Tuesday, July 16, 2013

BakingLove: Gluten free chocolate cake

Before yesterday, all I knew about buckwheat is that beekeepers like to site their hives next to buckwheat fields so their bees can produce the dark, molasses-like honey that comes from the buckwheat flower.
The name Buckwheat is in itself a little misleading. Buckwheat is not at all related to wheat and is in no way even a grass. The plant is more closely related to rhubarb and sorrel, and is cultivated for it's seeds, which can be milled into flour. Buckwheat is high in magnesium, copper and zinc, which is great for the immune system, and is also a good choice for those with diabetes as it seems to slow the rate at which glucose is absorbed into our systems.
Buckwheat plant
Because Buckwheat is not a grass, the seed or kernel does not contain the gluten protein that some people are allergic to, so I thought I would try it in one of my favorite baked treats: chocolate cake. The recipe on the bag of Buckwheat flour uses peanut butter, but since many folks have nut allergies (and I didn't have any in my cupboard), I scrounged around and came upon a lone can of pumpkin- left over from Thanksgiving- huddling in the corner of my vintage cabinet. Perfect. Pumpkin is full of nutrition and fiber and works well as a fat substitute in baked goods. Here is the recipe I ended up with:

Winter'Rest Farm Gluten Free Chocolate Cake

1 15- 16 ounce can pumpkin puree
2 cups unsweetened applesauce
2 cups sugar (I used white, but brown would also be fine)
2 tsp pure vanilla extract
6 whole eggs
2 tsp baking powder
1 cup cocoa powder
1 cup Buckwheat flour
1 cup semi-sweet chocolate chips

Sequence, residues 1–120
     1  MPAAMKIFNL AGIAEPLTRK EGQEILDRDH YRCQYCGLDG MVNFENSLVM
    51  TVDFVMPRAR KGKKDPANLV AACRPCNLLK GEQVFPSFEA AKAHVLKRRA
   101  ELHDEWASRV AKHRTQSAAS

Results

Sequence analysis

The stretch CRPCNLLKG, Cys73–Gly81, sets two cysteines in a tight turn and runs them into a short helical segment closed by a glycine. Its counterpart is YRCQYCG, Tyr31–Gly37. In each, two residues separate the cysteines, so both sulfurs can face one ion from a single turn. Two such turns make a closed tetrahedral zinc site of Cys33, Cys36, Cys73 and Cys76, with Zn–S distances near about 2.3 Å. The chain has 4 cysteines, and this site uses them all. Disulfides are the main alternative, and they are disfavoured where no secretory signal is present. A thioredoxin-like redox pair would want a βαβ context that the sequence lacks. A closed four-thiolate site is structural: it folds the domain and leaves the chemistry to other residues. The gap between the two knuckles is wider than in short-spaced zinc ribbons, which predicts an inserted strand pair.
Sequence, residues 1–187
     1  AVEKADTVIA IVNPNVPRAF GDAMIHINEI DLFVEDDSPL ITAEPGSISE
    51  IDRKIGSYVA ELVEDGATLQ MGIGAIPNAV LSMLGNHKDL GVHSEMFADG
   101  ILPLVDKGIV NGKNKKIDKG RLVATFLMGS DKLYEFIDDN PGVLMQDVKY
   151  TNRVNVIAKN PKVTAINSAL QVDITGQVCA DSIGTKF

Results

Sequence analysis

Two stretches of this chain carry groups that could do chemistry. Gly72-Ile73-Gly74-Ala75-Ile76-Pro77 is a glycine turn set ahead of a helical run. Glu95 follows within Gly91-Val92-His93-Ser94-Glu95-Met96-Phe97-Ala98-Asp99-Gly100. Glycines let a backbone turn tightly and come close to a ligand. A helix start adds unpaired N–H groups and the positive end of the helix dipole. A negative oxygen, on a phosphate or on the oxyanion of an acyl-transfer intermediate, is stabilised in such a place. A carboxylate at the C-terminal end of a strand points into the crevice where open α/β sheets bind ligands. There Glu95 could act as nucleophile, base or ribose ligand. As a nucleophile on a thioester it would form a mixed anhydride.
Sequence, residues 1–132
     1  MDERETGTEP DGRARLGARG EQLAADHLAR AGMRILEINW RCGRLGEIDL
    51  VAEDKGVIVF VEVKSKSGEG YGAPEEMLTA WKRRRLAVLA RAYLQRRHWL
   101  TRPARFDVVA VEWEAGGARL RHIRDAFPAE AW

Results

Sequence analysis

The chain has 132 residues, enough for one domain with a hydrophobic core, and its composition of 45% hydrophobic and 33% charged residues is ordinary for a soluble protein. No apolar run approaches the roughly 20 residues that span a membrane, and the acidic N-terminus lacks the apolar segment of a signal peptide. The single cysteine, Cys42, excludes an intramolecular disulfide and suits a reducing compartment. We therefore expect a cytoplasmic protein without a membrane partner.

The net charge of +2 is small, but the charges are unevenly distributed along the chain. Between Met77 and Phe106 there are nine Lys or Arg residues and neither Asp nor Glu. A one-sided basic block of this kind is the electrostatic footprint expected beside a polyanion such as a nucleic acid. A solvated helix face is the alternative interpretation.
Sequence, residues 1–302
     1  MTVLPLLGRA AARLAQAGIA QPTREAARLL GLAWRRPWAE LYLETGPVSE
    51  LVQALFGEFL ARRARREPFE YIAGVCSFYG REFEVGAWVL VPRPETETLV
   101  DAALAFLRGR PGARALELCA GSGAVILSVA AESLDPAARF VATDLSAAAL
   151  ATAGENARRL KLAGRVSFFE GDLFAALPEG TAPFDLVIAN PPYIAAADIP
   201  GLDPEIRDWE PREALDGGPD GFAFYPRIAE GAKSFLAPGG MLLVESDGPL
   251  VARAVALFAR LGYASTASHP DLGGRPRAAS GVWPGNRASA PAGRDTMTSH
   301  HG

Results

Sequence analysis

Mix the first 4 ingredients and blend well. Add the baking powder, cocoa powder and Buckwheat flour (be careful here, the cocoa and the Buckwheat flour are very powdery, so you may want to cover your mixer for the first few seconds of mixing). Add the chocolate chips and finish mixing, scraping down the sides of the mixer. Pour into an 8" cake pan that has been prepared with pan spray. Bake at 325 for 60 minutes or until a skewer inserted comes out clean. This batter does not rise very much.

I frosted this cake with vanilla buttercream (also gluten-free, obviously):

1   2 pound  bag of 10X sugar
4 oz. salted butter
2 tsp pure vanilla extract
1/2 cup whole milk

Beat the butter til soft. Add the powdered sugar and vanilla. Mix til crumbly, then add the milk. If the buttercream is too stiff, add more milk in small increments. Continue to beat for an additional 5-7 minutes til the buttercream is pale in color.

Try playing around with buckwheat and see what you can do with this very interesting and healthy food product. Substitute all-purpose flour with Buckwheat flour and see what happens! Have fun!

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